– visual-motor skills (like hand-eye coordination)
– sensory processing (which includes physical, social, and emotional skills)
Occupational therapy versus physical therapy with children.
Although pediatric occupational therapists and physical therapists work together to help children with disabilities, they have different focuses. Occupational therapy works on a more holistic level than physical therapy, which is focused on fixing a physical injury or specific problem.
Occupational therapy focuses on the skills and abilities of daily living. While physical therapy focuses on the body and physical injuries or problems. Occupational therapy uses activity analysis to break down daily living skills to analyze why a child is having difficulty with those tasks and then treats the underlying cause of the issue. That difficulty can be in several different areas such as physical, emotional, sensory processing, etc.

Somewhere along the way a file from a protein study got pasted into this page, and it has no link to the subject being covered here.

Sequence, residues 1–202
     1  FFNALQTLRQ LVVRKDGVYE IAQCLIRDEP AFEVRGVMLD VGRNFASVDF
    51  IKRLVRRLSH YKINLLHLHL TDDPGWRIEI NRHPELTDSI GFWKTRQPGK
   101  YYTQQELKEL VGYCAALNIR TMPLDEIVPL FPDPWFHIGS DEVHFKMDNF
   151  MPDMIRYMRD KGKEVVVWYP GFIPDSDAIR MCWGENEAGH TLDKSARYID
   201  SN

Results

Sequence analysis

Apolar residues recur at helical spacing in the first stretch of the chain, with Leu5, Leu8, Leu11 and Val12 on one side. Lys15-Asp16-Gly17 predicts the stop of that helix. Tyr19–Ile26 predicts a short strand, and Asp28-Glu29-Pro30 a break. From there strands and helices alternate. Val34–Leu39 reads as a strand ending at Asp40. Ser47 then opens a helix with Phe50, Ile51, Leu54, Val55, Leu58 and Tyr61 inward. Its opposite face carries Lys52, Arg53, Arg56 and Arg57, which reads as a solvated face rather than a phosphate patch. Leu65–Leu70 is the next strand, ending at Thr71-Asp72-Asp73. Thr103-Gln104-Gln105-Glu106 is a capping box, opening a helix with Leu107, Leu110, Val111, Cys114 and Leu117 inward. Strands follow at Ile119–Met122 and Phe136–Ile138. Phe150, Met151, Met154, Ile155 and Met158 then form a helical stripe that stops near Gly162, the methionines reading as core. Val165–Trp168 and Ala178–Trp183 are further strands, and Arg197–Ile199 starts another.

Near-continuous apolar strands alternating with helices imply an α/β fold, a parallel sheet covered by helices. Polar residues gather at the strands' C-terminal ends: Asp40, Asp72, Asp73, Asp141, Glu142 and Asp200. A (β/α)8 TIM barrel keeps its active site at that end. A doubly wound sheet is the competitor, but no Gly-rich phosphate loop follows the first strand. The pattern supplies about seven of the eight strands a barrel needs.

What qualifies a child for occupational therapy?
Children who qualify or require occupational therapy will show delays in their development and ability to perform daily or adaptive tasks. “Qualifying” for occupational therapy is a relative term. It depends on who the payer is and where the therapy is being done. School-based versus community-based versus medical models, will all have their own qualifications and decision-making process on if a child requires or needs occupational therapy (OT) services.
Can an occupational therapist diagnose autism?